Section 23A of the Act reads:
'23A. Relief for respondent in divorce and other proceedings-- In any proceeding for divorce or judicial separation or restitution of conjugal rights, the respondent may not only oppose the relief sought on the ground of petitioner's adultery, cruelty or desertion, but also make a counter-claim for any relief under this Act, on that ground; and if the petitioner's adultery, cruelty or desertion is proved, the court may give to the respondent any relief under this Act to which he or she would have been entitled if he or she had presented a petition seeking such relief on that ground.'
9. A perusal of the aforesaid provisions would show that for seeking relief either of judicial separation or of dissolution of marriage by divorce, a petition is to be presented by a spouse mentioning therein as distinctly as the nature of - the case permits the facts on which claim to the relief is founded. The statement so made in the petition is to be verified by the petitioner (or some other competent person) in the manner laid down for verification of the plaint in the Code of Civil Procedure which is to regulate, as far as may be, the proceedings under the Act subject to the other provisions contained in the Act. The respondent can put forward the ground, inter alia, of cruelty on the part of the petitioner not only as opposition to the relief sought by the petitioner but also by way of a counterclaim for a relief on that ground and it would be open to the court to give relief to the respondent upon such counterclaim in the same manner as if the respondent has presented a petition seeking relief on that ground. In other words, the relief which can be claimed on the basis of an allegation made in defence can be claimed by the respondent to the petition as if the said respondent had made an independent petition for such relief.
10. Under the Code of Civil Procedure, 'pleading' means the plaint or written statement in Rule 1 of Order VI, and as provided in Rule 2 (1) of the same Order 'every pleading shall contain, and contain only, a statement in a concise form of the material facts on which the party pleading relies for his claim of defence, as the case may be, but not the evidence by which they are to be proved'. Rule 1 (e) of Order VII requires that the plaintshall contain the facts constituting the cause of action and when it arose.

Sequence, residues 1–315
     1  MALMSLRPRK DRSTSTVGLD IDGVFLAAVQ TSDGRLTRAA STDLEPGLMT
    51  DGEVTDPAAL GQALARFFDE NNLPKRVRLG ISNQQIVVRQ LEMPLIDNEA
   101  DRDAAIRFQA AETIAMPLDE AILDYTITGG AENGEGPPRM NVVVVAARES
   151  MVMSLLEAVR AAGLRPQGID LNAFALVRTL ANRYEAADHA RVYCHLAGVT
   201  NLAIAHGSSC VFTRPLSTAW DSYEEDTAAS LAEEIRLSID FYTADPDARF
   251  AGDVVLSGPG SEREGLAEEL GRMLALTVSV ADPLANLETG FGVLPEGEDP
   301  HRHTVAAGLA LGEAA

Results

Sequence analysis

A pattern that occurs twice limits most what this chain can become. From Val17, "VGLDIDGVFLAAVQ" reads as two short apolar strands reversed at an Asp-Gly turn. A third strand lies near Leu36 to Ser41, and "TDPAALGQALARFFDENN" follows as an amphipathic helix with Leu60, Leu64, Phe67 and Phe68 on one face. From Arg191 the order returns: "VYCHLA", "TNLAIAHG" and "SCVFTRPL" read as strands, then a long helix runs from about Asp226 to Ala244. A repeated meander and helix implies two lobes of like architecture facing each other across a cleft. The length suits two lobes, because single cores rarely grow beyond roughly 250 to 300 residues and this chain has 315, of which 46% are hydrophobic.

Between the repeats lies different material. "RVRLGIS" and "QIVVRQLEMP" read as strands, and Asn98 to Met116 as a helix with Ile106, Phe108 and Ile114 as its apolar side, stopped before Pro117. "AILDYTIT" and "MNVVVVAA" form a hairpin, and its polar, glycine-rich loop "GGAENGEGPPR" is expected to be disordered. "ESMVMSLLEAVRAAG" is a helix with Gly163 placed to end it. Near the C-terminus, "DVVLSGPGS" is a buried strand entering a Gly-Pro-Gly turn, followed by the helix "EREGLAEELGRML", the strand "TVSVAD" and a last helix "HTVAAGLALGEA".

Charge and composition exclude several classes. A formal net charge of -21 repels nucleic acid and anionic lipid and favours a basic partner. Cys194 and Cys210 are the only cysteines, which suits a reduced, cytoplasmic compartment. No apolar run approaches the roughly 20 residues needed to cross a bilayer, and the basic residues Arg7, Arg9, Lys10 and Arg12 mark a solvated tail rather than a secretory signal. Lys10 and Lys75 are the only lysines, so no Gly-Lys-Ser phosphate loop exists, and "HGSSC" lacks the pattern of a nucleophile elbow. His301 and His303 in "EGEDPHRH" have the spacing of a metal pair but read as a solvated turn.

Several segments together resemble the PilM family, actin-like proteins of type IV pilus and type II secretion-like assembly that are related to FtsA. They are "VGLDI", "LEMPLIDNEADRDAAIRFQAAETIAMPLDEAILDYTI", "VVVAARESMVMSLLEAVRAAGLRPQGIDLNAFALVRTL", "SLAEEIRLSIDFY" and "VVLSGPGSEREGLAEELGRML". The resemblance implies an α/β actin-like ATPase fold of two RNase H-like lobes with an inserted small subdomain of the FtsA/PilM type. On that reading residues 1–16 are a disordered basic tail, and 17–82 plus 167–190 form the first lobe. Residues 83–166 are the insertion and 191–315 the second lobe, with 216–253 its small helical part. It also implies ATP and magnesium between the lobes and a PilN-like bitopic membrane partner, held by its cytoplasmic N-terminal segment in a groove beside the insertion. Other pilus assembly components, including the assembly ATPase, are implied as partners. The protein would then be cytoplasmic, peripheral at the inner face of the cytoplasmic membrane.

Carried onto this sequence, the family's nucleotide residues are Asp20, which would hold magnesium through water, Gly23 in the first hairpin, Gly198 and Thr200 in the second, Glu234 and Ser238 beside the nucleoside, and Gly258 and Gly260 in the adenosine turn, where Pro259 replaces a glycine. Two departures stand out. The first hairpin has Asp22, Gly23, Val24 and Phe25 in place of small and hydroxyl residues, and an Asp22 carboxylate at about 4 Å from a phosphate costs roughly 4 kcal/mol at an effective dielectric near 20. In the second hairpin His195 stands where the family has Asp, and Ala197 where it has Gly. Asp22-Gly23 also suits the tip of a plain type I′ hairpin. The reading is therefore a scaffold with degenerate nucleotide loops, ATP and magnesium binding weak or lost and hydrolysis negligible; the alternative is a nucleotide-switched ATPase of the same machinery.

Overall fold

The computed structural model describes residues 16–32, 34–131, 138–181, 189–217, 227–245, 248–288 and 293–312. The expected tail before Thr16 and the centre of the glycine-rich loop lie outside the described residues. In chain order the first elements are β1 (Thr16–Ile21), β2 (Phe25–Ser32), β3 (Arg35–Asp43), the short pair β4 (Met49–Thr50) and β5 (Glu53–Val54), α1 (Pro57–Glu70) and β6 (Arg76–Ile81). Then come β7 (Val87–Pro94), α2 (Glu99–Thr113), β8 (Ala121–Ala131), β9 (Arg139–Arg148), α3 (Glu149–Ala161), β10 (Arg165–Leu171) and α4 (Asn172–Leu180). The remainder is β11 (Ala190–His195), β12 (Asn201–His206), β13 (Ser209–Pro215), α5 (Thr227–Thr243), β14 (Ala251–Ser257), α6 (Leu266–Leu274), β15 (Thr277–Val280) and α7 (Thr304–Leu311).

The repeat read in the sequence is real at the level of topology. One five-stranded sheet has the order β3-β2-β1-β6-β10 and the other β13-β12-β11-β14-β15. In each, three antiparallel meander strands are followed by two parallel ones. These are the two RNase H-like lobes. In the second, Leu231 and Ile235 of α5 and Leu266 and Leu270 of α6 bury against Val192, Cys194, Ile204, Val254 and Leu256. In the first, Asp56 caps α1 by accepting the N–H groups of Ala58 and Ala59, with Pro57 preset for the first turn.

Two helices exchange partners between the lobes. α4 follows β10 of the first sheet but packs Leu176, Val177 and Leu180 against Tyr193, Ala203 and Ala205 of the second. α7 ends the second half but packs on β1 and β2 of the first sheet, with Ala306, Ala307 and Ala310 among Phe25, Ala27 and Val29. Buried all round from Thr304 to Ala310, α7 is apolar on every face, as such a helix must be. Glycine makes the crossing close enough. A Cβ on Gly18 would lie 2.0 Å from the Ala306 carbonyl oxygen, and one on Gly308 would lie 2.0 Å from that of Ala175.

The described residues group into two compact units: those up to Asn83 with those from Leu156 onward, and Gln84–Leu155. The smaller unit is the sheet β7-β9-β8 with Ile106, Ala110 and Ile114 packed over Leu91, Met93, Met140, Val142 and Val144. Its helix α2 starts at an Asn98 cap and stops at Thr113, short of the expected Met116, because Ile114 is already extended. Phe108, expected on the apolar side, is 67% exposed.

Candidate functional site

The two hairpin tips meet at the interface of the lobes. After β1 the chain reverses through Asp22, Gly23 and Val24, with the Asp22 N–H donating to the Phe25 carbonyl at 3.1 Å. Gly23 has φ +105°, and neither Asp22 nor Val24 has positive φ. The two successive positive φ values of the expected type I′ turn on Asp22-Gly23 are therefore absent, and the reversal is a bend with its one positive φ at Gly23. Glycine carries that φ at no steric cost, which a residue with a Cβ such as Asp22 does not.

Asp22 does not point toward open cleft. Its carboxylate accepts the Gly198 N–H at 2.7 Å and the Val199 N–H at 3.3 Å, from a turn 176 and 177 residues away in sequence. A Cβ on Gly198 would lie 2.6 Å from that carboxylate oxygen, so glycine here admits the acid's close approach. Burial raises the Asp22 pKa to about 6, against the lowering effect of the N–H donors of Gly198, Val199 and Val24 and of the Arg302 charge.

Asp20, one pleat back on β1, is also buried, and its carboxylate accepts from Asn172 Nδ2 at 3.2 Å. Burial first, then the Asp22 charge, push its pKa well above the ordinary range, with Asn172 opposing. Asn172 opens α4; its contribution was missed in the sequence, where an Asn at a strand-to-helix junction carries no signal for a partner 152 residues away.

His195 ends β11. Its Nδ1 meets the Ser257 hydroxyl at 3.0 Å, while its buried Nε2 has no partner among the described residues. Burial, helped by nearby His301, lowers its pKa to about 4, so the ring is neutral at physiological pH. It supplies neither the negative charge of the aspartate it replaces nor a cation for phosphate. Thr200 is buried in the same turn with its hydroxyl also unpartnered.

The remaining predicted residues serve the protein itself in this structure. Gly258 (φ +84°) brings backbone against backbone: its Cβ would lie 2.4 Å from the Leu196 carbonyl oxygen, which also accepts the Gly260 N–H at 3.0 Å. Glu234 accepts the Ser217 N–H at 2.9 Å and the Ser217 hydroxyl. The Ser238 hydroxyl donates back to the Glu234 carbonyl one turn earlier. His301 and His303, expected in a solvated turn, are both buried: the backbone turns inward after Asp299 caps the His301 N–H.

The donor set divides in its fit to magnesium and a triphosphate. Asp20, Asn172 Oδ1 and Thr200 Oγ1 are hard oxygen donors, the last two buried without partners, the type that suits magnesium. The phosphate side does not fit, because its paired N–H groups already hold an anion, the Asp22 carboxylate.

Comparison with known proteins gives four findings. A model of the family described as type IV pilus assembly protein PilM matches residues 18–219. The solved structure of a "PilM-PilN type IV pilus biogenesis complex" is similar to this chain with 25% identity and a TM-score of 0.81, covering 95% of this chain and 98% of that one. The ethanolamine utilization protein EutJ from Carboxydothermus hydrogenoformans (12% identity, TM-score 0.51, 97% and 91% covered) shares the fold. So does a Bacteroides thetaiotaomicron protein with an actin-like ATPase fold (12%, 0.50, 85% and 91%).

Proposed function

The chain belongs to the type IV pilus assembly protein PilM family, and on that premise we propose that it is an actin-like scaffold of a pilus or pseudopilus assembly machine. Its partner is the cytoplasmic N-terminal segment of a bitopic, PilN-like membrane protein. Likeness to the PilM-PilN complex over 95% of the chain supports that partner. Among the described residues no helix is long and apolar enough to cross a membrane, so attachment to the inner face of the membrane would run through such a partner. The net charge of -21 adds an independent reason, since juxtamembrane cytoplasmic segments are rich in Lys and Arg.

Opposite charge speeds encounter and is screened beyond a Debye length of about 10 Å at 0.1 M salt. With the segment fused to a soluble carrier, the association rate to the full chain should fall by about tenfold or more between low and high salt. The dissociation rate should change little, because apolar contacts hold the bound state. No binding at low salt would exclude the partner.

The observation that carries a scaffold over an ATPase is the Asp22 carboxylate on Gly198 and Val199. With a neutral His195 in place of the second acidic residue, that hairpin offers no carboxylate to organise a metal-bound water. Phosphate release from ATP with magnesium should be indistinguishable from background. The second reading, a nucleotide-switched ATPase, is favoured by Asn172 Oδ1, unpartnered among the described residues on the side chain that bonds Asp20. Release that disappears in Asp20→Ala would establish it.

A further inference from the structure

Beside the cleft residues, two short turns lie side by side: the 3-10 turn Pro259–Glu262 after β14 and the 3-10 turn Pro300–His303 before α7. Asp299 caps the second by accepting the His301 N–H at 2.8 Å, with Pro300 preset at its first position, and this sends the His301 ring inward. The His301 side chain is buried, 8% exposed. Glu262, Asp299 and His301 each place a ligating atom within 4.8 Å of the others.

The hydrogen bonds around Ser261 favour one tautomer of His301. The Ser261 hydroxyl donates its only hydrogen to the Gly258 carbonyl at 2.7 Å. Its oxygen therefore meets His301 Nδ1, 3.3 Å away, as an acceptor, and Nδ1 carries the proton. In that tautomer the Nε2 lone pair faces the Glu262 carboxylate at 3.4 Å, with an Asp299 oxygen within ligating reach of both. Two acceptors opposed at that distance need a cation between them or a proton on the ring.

11. Under the Hindu Marriage and Divorce Rules, 1'956 framed by the Allahabad High Court in exercise of rule-making powers conferred under the Act, it has been provided in Rule 4 that the petition made under the Act shall, so far as may be, with necessary modifications and adaptations, be the same as those prescribed in the Schedule to the Indian Divorce Act, 1869. Form No. 8 in the Schedule to the Indian Divorce Act deals with a petition for judicial separation by reason of cruelty. A perusal of this form reveals that specific details of the actions of the respondent on which the claim for relief is founded have to be enumerated with sufficient details. The particulars, which according to Rule 5 of these Rules, should be contained in the petition, in addition to those required to be given under Order VII, Rule 1 of the Code and Section 20(1) of the Act, include the disclosure under Clause (h) of the matrimonial offence or offences charged, set out in separate paragraphs with the time and place of its or their alleged commission. The statements contained in every petition, according to Rule 7, have to be verified by the petitioner (or some other competent person) in the manner required by the Code of Civil Procedure for verificaiton of a plaint.
12. The provisions of the Code of Civil Procedure, as noticed earlier, are to regulate the proceedings under the Hindu Marriage Act subject to the other provisions contained in that Act or the Rules framed by the High Court as provided in Section 21 of the Act. The requirement that the facts on which the claim to relief is founded shall be stated in every petition as distinctly as the nature of the case permits contained in Section 20 of the Act and as prescribed by the Rules framed by the High Court, referred to above, is, therefore, of an overriding nature which would clearly rule out the grant of relief on the basis of the allegations contained in the replication which, according to a Division Bench of the Punjab and Haryana High Court in Jag Dutta v. Smt. Savitri Devi 'is a part of pleading'. The submission of Sri Grover that the allegation of cruelty on the part of the wife made in paragraph 14 of the replication could entitle the husband to seek relief on that ground, even though no allegation hadbeen made by him in the petition, cannot be accepted.